At the time, standard operating procedure dictated that the air attack plane orbit the fire at 1,000 feet above ground level with right turns. The tankers made left turns at 500 feet AGL. In those mountains, picking which terrain to use for a benchmark often proved an interesting challenge.
What’s Behind That Loser?
Behind the XP-79 shown on p. 39 (“Loser X-Planes,” Aug. 2011) is a twin-engine airplane with twin tails and U.S. markings. For the life of me, I can’t figure out what it is.
Editors’ reply: According to National Air and Space Museum archivist Brian Nicklas, it is a Fairchild AT-21 bomber crew trainer, made of Duramold, a plastic-bonded plywood-like material that replaced critical metals during World War II. “It was pretty much a flop in its own right,” says Nicklas.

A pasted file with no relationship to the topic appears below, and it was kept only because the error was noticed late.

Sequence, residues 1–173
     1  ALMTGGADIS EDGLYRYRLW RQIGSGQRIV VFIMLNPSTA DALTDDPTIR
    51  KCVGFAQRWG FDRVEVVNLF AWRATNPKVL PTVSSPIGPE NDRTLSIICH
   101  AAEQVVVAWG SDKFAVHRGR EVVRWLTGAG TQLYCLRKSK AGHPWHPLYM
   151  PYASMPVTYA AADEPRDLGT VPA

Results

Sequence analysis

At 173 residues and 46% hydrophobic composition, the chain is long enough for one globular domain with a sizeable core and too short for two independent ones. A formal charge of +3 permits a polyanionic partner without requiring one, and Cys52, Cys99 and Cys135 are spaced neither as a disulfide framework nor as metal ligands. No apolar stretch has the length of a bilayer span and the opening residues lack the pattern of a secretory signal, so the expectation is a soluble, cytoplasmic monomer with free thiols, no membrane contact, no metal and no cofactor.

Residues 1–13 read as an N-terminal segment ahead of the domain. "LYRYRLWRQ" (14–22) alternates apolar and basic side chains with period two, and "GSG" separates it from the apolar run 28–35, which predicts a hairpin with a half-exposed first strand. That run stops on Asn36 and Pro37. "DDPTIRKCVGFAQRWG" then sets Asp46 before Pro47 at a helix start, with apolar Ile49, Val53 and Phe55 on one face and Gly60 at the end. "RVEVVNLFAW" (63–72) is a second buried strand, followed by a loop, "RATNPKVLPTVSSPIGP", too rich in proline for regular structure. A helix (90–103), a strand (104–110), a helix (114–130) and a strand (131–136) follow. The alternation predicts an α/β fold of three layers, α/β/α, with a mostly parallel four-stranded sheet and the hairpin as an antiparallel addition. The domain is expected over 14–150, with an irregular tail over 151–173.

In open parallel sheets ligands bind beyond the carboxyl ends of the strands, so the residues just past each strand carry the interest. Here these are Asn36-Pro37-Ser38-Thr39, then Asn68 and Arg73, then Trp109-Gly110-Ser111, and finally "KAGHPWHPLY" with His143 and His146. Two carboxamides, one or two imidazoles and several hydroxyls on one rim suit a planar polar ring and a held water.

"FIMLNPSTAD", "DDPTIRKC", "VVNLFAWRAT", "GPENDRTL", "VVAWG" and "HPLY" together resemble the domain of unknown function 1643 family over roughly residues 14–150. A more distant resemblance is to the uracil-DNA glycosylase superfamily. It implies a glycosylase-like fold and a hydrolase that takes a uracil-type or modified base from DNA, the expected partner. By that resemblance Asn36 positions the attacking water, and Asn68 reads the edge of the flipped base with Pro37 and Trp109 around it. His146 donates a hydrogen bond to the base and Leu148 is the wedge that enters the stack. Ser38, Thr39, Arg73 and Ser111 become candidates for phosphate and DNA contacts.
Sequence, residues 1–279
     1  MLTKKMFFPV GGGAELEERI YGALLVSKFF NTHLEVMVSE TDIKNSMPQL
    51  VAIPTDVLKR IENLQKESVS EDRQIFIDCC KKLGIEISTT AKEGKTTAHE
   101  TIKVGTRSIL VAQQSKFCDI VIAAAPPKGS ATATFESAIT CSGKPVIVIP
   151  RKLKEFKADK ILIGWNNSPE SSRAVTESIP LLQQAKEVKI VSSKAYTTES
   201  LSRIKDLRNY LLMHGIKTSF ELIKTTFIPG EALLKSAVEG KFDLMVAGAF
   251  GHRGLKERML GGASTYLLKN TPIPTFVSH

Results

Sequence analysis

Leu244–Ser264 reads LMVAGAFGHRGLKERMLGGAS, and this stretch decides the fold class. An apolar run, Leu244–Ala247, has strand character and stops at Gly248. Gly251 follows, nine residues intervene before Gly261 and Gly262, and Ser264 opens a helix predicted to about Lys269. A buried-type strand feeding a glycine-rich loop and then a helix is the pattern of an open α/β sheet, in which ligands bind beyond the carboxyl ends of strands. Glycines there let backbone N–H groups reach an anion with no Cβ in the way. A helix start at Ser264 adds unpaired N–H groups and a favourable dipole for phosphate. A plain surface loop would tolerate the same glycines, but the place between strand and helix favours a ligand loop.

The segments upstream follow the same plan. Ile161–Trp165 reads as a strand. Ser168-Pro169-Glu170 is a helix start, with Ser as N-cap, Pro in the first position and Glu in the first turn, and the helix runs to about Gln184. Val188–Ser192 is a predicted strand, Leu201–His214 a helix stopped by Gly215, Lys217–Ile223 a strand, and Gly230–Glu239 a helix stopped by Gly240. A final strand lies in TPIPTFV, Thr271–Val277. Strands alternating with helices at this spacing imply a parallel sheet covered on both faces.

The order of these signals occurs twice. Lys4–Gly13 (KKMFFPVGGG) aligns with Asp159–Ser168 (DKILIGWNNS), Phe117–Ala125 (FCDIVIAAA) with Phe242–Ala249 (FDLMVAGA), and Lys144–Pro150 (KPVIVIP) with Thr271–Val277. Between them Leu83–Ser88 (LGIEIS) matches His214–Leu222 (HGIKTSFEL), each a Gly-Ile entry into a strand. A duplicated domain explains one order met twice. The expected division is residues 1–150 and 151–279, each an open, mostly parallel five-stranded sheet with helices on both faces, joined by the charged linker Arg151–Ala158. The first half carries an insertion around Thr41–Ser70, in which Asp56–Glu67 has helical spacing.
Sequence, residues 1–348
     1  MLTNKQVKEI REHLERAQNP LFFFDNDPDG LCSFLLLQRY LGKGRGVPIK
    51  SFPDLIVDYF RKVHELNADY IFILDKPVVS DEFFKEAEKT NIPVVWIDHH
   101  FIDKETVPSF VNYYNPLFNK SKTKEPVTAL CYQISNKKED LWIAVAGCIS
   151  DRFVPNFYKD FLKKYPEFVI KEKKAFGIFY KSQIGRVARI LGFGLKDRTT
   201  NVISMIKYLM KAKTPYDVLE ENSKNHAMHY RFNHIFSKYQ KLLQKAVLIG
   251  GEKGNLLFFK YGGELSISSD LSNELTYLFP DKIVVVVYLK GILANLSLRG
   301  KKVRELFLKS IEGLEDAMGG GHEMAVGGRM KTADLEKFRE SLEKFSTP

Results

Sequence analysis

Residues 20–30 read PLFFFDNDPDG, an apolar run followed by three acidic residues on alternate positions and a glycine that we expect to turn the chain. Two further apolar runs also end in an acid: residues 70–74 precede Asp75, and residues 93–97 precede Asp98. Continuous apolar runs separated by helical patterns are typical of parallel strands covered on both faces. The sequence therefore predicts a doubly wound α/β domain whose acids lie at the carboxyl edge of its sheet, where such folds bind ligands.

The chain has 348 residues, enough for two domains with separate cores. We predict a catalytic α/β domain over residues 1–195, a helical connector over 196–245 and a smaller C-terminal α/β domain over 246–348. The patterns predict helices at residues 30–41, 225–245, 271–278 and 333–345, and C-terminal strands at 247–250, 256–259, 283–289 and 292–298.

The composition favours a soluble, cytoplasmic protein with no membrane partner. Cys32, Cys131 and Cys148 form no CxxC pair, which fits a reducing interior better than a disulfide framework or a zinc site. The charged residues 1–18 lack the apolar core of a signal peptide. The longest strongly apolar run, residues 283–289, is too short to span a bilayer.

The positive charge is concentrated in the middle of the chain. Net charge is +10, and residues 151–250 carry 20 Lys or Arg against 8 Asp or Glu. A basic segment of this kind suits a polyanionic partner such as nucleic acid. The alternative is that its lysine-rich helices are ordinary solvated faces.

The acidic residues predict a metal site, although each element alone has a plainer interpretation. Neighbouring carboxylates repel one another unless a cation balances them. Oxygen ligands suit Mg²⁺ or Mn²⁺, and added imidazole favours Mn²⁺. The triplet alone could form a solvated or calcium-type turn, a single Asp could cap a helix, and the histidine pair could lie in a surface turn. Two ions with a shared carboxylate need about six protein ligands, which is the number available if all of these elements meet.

- Aug. 2011 “Stopping the A380” (How Things Work): The Boeing 767 that crashed in 1991 departed from Thailand, not Indonesia, and 223, not 313, were killed.